U.S. withdrawal from the North American Free Trade Agreement (NAFTA) would not only undercut Nebraska’s farm and ranch families, but harm the underlying foundation of Nebraska’s agriculture based economy, according to a new report released by the Nebraska Farm Bureau this week.

The report, “North American Free Trade Agreement and Nebraska Agriculture,” provides a dollars and cents breakdown of the value of NAFTA to farmers, ranchers, Nebraska counties, and the implications to Nebraska’s broader economy.

The report noted that Cuming County could be one of the four in Nebraska that would take the biggest hit. The value of its exports to Mexico and Canada in 2016 was estimated at $31.5 million, and $34,415 per farm.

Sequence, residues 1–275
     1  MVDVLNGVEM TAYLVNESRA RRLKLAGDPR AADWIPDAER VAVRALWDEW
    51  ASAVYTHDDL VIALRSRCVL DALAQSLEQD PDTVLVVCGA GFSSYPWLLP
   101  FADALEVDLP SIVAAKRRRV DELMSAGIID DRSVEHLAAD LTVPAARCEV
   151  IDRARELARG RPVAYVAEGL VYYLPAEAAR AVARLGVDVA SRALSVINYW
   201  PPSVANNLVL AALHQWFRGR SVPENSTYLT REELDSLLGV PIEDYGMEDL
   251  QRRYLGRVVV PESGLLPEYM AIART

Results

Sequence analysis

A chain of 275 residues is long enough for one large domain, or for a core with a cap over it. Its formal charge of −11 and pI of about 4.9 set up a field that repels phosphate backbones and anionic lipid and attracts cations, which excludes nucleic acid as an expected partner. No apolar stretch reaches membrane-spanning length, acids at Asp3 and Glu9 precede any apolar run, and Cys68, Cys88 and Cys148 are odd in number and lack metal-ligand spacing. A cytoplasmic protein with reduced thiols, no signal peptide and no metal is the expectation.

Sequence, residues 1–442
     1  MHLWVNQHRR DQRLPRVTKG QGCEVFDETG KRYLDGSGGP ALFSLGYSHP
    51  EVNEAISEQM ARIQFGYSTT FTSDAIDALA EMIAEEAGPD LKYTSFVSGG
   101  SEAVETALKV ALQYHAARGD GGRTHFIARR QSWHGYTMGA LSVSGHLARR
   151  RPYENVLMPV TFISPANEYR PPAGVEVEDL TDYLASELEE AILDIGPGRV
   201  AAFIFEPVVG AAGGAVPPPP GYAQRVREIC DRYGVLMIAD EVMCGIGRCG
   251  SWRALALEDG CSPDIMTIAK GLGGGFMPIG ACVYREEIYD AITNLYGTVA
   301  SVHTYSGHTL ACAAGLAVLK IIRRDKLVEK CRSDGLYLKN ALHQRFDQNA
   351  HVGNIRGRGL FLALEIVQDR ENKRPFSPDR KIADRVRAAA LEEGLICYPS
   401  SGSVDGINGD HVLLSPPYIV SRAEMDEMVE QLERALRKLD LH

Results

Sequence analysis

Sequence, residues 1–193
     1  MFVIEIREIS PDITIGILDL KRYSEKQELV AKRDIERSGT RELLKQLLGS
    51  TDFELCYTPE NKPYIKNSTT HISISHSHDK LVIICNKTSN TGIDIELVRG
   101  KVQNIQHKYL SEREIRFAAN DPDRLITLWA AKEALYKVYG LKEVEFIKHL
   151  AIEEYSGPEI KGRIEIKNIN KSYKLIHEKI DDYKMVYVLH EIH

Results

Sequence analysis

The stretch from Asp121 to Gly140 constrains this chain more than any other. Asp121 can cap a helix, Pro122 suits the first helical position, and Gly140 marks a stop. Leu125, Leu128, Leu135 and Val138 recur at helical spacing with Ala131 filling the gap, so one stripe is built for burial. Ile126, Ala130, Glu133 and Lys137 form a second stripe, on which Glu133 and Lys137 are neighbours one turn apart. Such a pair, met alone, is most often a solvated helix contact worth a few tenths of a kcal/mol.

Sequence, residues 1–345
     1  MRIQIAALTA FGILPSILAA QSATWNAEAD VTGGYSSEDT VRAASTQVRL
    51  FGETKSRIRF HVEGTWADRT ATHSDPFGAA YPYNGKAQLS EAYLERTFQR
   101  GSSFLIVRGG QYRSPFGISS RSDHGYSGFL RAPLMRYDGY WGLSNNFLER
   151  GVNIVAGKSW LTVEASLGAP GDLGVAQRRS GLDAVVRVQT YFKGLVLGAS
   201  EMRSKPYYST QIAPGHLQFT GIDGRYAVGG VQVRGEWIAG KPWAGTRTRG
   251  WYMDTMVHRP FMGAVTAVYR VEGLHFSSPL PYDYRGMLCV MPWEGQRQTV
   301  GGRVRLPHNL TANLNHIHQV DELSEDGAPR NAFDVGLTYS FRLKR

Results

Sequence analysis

The other three counties with exports of more than $30 million are Platte, $36.6 million; Custer, $32.2 million, and Holt, $30.5 million.

“Today, nearly half of Nebraska’s total agriculture exports are bound for Canada and Mexico, our NAFTA partners. While we’ve known for years that NAFTA plays a critical role in providing underlying price support for Nebraska agriculture commodities, this economic analysis quantifies what this agreement means at the farmer, rancher, and county levels,” said Steve Nelson, Nebraska Farm Bureau president.

For the full story, pick up the December 6 West Point News, or call 372-2461 to subscribe.

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